- NHL Treatment
- Hodgkin's Treatment
- Clinical Trials
- Monoclonal Antibodies
- Types of NHL
Lymphoma and Pets
ABVD Remains Best Treatment for Advanced Hodgkin’s Lymphoma
Stages IIB–IV Hodgkin’s lymphoma involve cancer that has spread from the site of origin to other sites in the body. Standard treatment for stages IIB-IV Hodgkin’s lymphoma is combination chemotherapy and/or radiation therapy. The standard chemotherapy regimen for these patients has been ABVD: doxorubicin (Adriamycin(R)), bleomycin (Blenoxane(R)), Velban(R) (vinblastine), and dacarbazine (DTIC-Dome(R)). Researchers have been comparing ABVD to other chemotherapy regimens to definitively determine which combination produces the highest cure rates with the fewest side effects.
Researchers from Italy recently reported the final results from a multi-center phase III clinical trial directly comparing three different chemotherapy regimens in the treatment of patients with stages IIB–IV Hodgkin’s lymphoma.
Patients were randomized to receive one of the three chemotherapy regimens:
MOPP-EBV-CAD (nitrogen mustard, vincristine, procarbazine, prednisone, epirubicin, bleomycin, vinblastine, lomustine, melphalan, vindisine—also referred to as MEC)
Stanford V regimen (mustargen, doxorubicin, vinblastine, vincristine, bleomycin, etoposide, prednisone). Patients were treated with radiation therapy if they had residual cancer following chemotherapy or sites of previously “bulky” cancer.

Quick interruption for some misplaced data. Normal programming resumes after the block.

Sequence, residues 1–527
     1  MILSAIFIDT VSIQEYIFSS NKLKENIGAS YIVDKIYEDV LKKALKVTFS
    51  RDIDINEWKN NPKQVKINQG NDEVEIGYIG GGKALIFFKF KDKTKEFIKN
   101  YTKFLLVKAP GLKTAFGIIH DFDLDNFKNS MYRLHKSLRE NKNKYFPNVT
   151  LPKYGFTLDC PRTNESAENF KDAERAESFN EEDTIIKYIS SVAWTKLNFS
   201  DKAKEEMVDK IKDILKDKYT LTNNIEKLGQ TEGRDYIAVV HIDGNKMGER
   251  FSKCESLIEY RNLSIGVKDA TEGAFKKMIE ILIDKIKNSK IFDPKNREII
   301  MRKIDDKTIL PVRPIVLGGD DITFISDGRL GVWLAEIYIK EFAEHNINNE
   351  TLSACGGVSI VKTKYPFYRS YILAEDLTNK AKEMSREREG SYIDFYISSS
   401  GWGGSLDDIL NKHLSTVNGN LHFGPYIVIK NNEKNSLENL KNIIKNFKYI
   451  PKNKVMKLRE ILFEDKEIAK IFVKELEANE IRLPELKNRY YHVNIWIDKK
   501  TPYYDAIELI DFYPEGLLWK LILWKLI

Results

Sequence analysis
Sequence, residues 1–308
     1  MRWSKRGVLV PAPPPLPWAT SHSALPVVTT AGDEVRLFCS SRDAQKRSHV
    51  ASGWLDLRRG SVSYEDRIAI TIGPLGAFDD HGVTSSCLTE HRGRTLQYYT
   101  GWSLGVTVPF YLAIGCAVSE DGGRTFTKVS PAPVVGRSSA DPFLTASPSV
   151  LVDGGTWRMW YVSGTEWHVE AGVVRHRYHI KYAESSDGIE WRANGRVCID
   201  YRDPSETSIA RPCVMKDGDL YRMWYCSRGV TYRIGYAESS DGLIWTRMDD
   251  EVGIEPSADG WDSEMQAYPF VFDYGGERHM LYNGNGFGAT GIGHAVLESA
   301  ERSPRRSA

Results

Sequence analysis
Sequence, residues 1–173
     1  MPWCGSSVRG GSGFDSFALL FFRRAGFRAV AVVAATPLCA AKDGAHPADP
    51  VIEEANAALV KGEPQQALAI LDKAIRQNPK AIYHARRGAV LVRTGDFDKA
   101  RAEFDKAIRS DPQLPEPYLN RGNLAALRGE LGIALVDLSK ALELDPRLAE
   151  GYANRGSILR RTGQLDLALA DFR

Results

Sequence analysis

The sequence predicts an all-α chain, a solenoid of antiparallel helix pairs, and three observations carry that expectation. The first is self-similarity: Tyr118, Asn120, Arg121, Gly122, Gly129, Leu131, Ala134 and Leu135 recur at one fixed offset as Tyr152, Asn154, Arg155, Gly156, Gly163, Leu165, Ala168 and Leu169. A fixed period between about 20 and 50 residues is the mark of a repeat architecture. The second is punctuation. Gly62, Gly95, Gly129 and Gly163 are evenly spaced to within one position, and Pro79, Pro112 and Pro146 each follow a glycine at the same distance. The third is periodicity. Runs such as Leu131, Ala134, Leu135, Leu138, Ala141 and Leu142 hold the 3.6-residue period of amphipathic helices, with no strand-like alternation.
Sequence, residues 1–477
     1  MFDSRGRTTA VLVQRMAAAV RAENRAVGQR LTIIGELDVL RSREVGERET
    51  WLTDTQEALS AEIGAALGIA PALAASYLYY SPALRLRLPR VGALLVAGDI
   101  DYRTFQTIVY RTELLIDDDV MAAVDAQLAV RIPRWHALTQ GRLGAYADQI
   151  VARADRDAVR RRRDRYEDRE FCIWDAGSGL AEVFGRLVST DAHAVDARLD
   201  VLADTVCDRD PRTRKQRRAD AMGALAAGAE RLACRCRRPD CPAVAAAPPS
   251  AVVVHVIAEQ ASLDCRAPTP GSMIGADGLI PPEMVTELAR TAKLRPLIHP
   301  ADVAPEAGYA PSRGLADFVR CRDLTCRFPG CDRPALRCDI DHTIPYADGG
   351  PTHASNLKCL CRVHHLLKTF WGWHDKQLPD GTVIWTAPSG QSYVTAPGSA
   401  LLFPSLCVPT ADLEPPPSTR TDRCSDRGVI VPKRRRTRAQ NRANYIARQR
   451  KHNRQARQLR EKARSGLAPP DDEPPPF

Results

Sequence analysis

At 5 years, overall survival was similar between the three groups:
90% for those treated with ABVD
89% for those treated with MEC
82% for those treated with Stanford SV
However, at 5 years the rate of patients who did not have cancer progression favored MEC: 89% for MEC, 79% for ABVD, and 55% for SV.
The rate of severe side effects including low levels of blood cells and infection were significantly higher in patients treated with MEC than ABVD or SV. Treatment with MEC (47%) resulted in a lower percentage of patients having to undergo radiation therapy than ABVD (62%) or SV (66%).
The researchers concluded that, for the time being, ABVD should remain the standard of care as initial treatment for patients with stages IIB-IV Hodgkin’s lymphoma.
Of course you should talk with your physicians to see what treatments are best for you.